2 Samuel 3:9
May God deal with Abner, be it ever so severely, if I do not do for David what the LORD promised him on oath

2 Samuel 19:13
And say to Amasa, 'Are you not my own flesh and blood? May God deal with me, be it ever so severely, if you are not the commander of my army for life in place of Joab.'"

1 Kings 20:10
Then Ben-Hadad sent another message to Ahab: "May the gods deal with me, be it ever so severely, if enough dust remains in Samaria to give each of my men a handful."

2 Kings 6:31
He said, "May God deal with me, be it ever so severely, if the head of Elisha son of Shaphat remains on his shoulders today!"

Jeremiah 20:10
I hear many whispering, "Terror on every side! Denounce him! Let's denounce him!" All my friends are waiting for me to slip, saying, "Perhaps he will be deceived; then we will prevail over him and take our revenge on him."

Jeremiah 26:21
When King Jehoiakim and all his officers and officials heard his words, the king was determined to put him to death. But Uriah heard of it and fled in fear to Egypt.
Treasury of Scripture

Then Jezebel sent a messenger to Elijah, saying, So let the gods do to me, and more also, if I make not your life as the life of one of them by to morrow about this time.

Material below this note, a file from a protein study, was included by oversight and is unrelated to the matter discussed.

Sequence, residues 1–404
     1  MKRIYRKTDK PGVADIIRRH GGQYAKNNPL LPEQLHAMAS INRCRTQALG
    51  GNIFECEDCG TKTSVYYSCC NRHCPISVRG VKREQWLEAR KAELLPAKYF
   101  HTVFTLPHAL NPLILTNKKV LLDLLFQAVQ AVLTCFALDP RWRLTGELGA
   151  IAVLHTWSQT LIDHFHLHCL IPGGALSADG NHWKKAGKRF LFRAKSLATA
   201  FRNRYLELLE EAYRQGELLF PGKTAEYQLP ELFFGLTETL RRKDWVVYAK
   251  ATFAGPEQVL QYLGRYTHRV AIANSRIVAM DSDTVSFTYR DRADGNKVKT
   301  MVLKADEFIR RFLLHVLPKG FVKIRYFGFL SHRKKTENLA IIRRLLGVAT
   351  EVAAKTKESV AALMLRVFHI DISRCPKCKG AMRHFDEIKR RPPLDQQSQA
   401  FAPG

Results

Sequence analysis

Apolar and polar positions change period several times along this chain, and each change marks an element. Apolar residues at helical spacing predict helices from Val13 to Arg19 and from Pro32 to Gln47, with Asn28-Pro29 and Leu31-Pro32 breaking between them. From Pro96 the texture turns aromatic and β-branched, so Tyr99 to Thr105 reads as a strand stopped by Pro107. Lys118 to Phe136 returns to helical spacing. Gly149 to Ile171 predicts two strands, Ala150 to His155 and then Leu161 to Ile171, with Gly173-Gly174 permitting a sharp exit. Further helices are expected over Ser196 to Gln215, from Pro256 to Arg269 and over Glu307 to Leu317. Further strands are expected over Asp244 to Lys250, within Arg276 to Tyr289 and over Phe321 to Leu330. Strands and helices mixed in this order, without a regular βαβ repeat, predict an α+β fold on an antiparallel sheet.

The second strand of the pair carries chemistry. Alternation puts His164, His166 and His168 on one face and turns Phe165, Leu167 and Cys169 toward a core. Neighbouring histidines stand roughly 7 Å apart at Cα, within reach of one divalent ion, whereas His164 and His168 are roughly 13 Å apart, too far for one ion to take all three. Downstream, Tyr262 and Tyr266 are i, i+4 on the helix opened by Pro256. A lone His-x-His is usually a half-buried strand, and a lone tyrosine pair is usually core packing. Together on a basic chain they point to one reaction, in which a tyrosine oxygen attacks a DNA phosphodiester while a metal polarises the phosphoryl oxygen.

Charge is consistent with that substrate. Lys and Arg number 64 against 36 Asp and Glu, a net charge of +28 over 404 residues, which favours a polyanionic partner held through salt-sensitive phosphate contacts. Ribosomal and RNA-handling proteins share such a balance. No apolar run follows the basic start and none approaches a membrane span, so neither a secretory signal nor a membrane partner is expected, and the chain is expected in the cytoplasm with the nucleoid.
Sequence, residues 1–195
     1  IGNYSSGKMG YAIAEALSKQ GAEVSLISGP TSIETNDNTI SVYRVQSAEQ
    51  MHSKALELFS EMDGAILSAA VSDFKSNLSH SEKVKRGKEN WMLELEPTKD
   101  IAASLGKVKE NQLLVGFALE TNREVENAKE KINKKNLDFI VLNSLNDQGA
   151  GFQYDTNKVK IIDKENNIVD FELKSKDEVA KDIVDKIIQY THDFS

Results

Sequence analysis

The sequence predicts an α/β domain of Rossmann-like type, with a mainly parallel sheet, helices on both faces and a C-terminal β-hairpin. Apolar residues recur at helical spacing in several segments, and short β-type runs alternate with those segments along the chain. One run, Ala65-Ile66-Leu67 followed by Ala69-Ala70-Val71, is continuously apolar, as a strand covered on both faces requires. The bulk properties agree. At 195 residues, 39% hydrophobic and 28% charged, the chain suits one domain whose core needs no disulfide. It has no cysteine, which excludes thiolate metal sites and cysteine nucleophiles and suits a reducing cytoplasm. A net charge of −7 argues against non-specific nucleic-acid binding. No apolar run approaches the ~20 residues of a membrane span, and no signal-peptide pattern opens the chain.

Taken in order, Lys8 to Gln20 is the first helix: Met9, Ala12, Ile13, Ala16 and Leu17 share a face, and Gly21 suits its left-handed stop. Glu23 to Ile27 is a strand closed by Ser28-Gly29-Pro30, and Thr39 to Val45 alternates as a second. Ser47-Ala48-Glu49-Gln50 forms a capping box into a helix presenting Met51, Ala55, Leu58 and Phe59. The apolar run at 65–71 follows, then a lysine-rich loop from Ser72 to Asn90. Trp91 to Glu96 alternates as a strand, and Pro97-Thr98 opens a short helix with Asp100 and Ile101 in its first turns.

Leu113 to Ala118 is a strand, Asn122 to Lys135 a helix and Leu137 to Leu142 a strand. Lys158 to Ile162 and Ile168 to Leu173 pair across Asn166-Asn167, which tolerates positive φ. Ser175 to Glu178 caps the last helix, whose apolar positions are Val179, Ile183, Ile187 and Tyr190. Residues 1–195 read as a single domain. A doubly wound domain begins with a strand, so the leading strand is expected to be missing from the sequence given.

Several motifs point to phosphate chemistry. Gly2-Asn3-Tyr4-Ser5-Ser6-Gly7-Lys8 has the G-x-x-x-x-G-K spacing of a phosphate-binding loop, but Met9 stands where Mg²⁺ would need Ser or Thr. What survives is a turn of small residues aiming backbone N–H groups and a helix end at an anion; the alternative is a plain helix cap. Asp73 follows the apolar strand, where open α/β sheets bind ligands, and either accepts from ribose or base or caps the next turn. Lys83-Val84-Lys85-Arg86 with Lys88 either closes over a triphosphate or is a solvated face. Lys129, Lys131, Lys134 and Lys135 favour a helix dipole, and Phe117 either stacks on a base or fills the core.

So let

1 Kings 2:28 Then tidings came to Joab: for Joab had turned after Adonijah, though …

1 Kings 20:10 And Benhadad sent to him, and said, The gods do so to me, and more also…

Ruth 1:17 Where you die, will I die, and there will I be buried: the LORD do …

2 Kings 6:31 Then he said, God do so and more also to me, if the head of Elisha …

if I

Exodus 10:28 And Pharaoh said to him, Get you from me, take heed to yourself, …

Exodus 15:9 The enemy said, I will pursue, I will overtake, I will divide the …

2 Kings 19:10-12,22,27,28 Thus shall you speak to Hezekiah king of Judah, saying, Let not your …

Daniel 3:15 Now if you be ready that at what time you hear the sound of the cornet, …

to-morrow

Proverbs 27:1 Boast not yourself of to morrow; for you know not what a day may bring forth.

Acts 12:4-6 And when he had apprehended him, he put him in prison, and delivered …

James 4:13,14 Go to now, you that say, To day or to morrow we will go into such …